This lesson introduces students to entrepreneurship, a specific type of human resource. Teams of students create food cart businesses, give them creative names, develop advertisements, and complete basic business plans. Students, working as entrepreneurs, must develop a niche market, promote their product, and make good business decisions. Concepts: entrepreneur, venture, wants, resources, business plan competition, opportunity cost Integrate: science, communication arts, art
Have students share their ideas with their neighbors. Construct a whole-group list on the board as students volunteer to share their ideas. The list could include sports events, restaurants, grocery stores, entertainment events, malls, etc. 1) Tell students that entrepreneurs are individuals who recognize opportunities (wants, problems) and use resources to implement innovative ideas for new ventures. 2) Explain to students that today we are going to look at one way food is sometimes sold food carts. Ask students to share their experiences with food carts. Some examples might include hot dogs, pretzels, or ice cream.
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Food carts are small carts, usually metal, that can be rolled from one location to another. You would probably transport it on a trailer for long distances. A food cart is not a metal building that holds several workers and workstations. The food cart contains the cooking materials and supplies in the metal base. One end may have a grill, while the other has a cooler. Food carts often have umbrellas or canopies to protect the worker from the sun. Read the following description to the students (taken from Lukins, 1994, All Around the World Cookbook, p. 443): Street Food in the Tropics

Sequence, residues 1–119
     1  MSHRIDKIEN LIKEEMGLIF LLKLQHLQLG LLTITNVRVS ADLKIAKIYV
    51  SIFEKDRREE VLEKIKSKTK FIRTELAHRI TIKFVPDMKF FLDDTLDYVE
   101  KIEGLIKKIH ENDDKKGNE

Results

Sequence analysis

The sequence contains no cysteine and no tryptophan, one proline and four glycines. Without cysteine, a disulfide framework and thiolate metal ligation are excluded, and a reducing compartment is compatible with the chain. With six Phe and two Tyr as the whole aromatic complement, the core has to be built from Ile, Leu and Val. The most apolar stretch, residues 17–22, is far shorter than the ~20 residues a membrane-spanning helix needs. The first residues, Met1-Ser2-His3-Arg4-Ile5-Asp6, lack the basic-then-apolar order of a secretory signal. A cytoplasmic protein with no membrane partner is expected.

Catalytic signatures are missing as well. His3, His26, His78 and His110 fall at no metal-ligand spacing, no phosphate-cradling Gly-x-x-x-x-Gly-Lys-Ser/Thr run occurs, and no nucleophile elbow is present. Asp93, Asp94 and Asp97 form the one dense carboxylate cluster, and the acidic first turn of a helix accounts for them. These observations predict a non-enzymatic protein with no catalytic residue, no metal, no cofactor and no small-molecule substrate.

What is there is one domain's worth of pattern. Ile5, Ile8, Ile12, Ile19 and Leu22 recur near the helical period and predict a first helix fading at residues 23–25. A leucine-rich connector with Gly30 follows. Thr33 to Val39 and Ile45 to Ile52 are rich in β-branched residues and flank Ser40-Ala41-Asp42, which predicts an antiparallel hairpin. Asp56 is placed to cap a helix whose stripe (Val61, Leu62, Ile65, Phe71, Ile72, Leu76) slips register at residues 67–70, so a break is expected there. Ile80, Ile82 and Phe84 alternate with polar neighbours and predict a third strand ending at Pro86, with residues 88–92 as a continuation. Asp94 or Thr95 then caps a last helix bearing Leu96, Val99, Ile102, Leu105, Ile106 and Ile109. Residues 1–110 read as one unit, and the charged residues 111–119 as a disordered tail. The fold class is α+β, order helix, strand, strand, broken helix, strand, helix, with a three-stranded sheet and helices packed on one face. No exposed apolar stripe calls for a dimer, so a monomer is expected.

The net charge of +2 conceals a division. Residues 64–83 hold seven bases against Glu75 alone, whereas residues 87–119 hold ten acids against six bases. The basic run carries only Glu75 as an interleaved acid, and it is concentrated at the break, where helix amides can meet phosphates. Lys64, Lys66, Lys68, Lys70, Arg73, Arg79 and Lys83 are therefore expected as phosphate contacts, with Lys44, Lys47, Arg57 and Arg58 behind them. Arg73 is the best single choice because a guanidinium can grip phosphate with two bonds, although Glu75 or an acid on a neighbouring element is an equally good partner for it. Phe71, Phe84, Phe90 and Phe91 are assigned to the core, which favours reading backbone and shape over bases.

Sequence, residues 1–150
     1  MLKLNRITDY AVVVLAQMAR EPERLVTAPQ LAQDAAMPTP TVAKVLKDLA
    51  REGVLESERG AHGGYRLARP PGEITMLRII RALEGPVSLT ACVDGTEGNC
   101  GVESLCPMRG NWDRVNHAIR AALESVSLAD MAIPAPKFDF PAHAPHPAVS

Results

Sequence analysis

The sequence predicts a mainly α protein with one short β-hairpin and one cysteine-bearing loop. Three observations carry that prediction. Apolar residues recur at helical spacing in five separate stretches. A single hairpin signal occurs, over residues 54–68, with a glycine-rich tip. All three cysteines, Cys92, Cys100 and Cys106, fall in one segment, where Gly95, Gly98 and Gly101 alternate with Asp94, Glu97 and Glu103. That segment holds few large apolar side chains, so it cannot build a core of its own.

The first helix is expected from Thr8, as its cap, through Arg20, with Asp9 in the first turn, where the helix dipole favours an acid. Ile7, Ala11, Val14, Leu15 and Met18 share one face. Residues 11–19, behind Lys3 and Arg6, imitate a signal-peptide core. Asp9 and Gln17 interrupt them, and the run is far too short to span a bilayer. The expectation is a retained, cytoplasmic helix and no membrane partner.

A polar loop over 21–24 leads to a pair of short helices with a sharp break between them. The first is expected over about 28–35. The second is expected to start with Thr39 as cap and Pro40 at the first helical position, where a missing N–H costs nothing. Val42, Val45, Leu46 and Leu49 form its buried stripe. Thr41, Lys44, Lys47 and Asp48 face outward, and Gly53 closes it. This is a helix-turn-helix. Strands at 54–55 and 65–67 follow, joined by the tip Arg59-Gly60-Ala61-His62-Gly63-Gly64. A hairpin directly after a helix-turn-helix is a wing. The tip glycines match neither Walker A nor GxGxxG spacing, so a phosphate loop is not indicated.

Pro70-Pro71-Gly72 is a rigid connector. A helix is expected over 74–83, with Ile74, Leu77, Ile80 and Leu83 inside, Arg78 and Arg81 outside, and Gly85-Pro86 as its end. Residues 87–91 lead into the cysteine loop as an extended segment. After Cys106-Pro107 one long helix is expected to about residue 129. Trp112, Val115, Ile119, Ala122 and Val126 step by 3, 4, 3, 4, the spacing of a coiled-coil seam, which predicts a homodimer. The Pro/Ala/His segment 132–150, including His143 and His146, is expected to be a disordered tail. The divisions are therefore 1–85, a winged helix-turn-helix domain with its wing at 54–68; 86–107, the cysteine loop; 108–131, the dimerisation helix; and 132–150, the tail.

Out looking for culinary thrills along bustling streets in Jamaica, was taken by the brightly painted ramshackle carts selling snacks. Red, yellow, and turquoise carts and panel trucks painted with primitive birds and playing an energetic jumble of calypso and reggae music turned strolling into dancing. Some carts were piled high with sugar cane, the tough outsides hacked off by a man sitting on a small stool, machete at his side. The soft pulp was ready for hours of sweet sucking and chewing. Bright yellow coconuts were set nearby, adorned with colorful straws, offering their sweet fresh liquid as a hirst-quencher in these hot climes.
From other stands wafted the pungent island aromas of jerk chicken and pork, and spicy shrimp waiting to be nibbled. Irresistible food, irresistible music in a climate made for living outdoors why go inside, ever? 3) Explain that In other cultures it is common to see a variety of street vendors. In Mexico you can buy taquitos (small tacos), corn-on-the-cob with cream and cheese, pieces of fresh fruit, rice drinks, and even churros (fried donut sticks) from street vendors. 4) Introduce today’s challenge: In total group, brainstorm possible food art ideas using the Brainstorming Rules Transparency. A few ideas, if needed, include breakfast cart, stir fry cart, spuds cart, health food cart, snack cart, or taco cart. ) This list should be very lengthy. 5) Assign each group to use the Making a Business Decision Handout to select a food cart business to introduce to the marketplace. They may want to use the Scamper technique to modify or develop their ideas. SCAMPER is a creative problem-solving technique developed by 80b Eberle. It stands for Substitute, Combine, Adapt, Modify (Minify or Magnify), Put to Other Uses, Eliminate, or Reverse. Carver found marketable uses for peanuts (put to other uses).